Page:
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Is there any (official or not) guidebook to the creation of classes, both prestige and base, that does not simply state what you must pick for a class (BaB, saves, concept, profficiences), but actually helps in balancing the class, even though I find balance a really shady aspect of 3.5.

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I've made a lot of PrCs in my time, and my best advice came from posting them on the WoTC boards to be picked apart. I then learnt from my many mistakes. But besides that, I haven't any better advice. –  Pureferret Jan 9 '12 at 17:30

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The 3.5 DMG lists Modifying Character Classes and Creating New classes on page 174 and 175 respectively (PDF Doc).

There is also the Class Construction Engine from SHADOWCRAFT STUDIOS.

You can find more about Prestige Classes from Designing Prestige Classes - RPG.Net, and Designing Prestige Classes Part II - RPG.Net or Creating Balanced Prestige Classes - Guy Fullerton.

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There’s a lot of material out there about class design, both specific to Dungeons & Dragons 3.5 and to games in general. Even stuff about non-role-playing game design can provide good insights. So reading is my #2 suggestion.

My #1 suggestion, though, is to put your work out there. There are a lot of forums dedicated to roleplaying games, and a lot of them have a lot of veteran 3.5 players, and a lot of them have dedicated homebrew forums. Homebrewing takes experience and it takes feedback. Stuff made in a vacuum is rarely good; I know this to be true even of my own work.

However, those are both really general suggestions, and probably apply to just about any endeavor out there. They remain the best suggestions anyone can give you, but some specifics about classes in 3.5 seem appropriate.

What follows is a somewhat-rambling discourse on some of the things I’ve gleaned from my time homebrewing. I have made a lot of classes, and my work was enough to get me noticed by Rule of Cool gaming, and my name now appears as a design credit in their system, Legend. None of this is in any way official, or the “One, True Way” or anything like that, but it is my best attempt to distill my skills for new ’brewers.

A Word on What This Is and What This Is Not

Because this is aimed at new homebrewers, I have tried my best to couch my personal opinions in phrases that indicate this, while things I believe to be more objectively true, I’ve tried to emphasize. Unfortunately, I am not always good at doing this. To this end, I’ve tried to explain why a certain thing is good or bad, so that you can make a judgment on whether or not the goal I’m trying to achieve with a particular piece of advice is actually worthwhile.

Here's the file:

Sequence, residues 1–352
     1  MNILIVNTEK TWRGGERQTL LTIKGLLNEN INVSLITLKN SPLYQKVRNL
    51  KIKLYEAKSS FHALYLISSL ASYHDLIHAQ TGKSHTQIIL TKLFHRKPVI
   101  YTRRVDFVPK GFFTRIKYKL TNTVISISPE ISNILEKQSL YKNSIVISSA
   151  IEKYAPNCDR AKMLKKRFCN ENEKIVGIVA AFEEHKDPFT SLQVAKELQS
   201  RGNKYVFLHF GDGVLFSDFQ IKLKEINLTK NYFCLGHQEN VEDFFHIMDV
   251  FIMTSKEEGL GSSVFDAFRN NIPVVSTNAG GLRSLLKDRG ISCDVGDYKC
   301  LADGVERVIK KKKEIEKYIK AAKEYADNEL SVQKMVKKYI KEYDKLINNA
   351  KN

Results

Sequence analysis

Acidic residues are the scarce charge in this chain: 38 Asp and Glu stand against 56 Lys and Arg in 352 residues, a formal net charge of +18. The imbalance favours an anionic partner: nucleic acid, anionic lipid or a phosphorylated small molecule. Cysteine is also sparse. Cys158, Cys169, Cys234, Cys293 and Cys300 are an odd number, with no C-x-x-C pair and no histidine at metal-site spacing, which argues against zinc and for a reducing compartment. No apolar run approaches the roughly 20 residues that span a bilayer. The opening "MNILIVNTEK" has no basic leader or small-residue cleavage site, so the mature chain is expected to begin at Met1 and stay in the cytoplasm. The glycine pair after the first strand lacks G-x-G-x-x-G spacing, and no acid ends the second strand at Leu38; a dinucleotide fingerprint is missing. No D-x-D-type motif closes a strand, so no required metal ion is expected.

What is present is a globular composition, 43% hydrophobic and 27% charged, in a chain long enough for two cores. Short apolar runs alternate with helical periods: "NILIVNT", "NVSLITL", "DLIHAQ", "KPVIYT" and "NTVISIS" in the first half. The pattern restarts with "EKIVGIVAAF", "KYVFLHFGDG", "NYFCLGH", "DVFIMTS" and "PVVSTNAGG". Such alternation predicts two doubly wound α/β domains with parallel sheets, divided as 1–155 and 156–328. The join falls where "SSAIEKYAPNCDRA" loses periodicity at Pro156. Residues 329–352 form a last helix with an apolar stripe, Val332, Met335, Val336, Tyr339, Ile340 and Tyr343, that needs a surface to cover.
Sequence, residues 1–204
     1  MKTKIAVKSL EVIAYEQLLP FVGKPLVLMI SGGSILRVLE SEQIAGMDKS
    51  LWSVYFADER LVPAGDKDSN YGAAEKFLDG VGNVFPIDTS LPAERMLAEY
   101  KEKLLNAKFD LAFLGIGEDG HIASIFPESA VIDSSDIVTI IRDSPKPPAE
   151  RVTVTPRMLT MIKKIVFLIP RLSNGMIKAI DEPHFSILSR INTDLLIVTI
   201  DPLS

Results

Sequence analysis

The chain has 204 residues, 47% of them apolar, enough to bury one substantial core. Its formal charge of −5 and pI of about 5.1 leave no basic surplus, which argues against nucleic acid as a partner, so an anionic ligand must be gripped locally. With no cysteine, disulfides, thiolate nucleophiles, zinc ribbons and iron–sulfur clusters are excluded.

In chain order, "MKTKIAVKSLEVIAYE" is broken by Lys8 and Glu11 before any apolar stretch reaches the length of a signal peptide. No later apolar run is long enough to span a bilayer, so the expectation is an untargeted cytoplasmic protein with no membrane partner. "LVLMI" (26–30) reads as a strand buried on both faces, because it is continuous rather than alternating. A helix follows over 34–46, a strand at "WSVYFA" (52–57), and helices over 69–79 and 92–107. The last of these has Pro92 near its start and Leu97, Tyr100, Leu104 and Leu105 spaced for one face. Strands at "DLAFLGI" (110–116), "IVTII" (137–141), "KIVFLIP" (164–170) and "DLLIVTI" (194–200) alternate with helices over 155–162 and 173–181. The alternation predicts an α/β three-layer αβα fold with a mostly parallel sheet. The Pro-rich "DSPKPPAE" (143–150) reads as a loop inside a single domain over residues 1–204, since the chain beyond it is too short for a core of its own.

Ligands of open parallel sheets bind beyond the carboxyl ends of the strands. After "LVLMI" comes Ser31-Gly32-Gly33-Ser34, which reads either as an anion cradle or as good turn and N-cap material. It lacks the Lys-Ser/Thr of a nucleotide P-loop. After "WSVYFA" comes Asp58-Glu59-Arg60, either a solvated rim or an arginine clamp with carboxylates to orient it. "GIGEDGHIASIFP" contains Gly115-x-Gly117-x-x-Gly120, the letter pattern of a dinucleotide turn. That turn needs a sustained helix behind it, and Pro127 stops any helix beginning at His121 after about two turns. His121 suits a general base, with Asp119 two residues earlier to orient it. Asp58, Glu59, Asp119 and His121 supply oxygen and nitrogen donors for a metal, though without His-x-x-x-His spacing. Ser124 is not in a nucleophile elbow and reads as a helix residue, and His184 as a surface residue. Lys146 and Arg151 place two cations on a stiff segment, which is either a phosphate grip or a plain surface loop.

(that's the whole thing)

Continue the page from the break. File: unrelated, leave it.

The other thing is, as should already be apparent, this is not a short document. This is not intended to be read from beginning to end; it’s supposed to contain a lot of specific tips on creating several different types of classes. I recommend that you approach this answer with an idea in mind, and read only the most relevant sections. I’ll be using section titles to try to indicate these.

Other Advice

Don’t ignore Joshua Drake’s answer. More ideas are always good.

Some of my own favorite discussions of the topic:

Some links to great homebrew, which can give good inspiration:

Concepting

Most of the time, new homebrewers have a particular concept in mind when starting a class, rather than just suddenly deciding “hey, I want to make a class today!” (though I’m sure some novices do; experienced homebrewers certainly have that feeling often).

But even if you have an idea you want to make happen, most of the time you have only half the idea. That is, you typically start with either an archetype, character, or flavor in mind, or with a neat mechanical idea you want to support or extend.

Classes require both. Good design does not ignore either half, but tries to synergize them. If you only have half the concept, you need to start thinking about the other half.

If you have an archetype, think about the kinds of behavior he or she gets up to, what kinds of tools he or she needs to do them, the personality and approach that the class might want. Characters that are aggressive and up-front melee combatants need to be able to get in close, stay there, prevent enemies from retreating, and take hits in return. Sneaky characters need to move without being seen, and then they need to neutralize threats before being noticed. Spellcasters, well, they need more spells, but you need to give them something else or more that will get them to pull their heads out of the spellbook for a while – and there’s nothing they like better than becoming better spellcasters.

If, instead, you have a neat mechanic, you need to think about who would use it. Want to broaden the usage of Attacks of Opportunity, turn Combat Reflexes into a type of resource governing your actions for the round? OK, so that sounds like a very mobile warrior, a duelist, parrying blows and responding immediately to openings. Or maybe a kind of ninja, hiding in the shadows, waiting for the perfect moment to strike? There are usually a few ways you could go, so you should weigh them and consider them.

This is also a great time to start looking for feedback. Describe the archetype, and ask what mechanics others might find suitable for it, or describe the mechanic, and ask what sorts of characters might use it. Ultimately, however, the most fulfilling classes will be the ones where you come up with two perfectly-matching halves yourself.

Knowing Your Space

Quality homebrew generally requires a fair bit of system mastery. After all, you want your class to fit in with the others, you don’t want to break the game or be useless.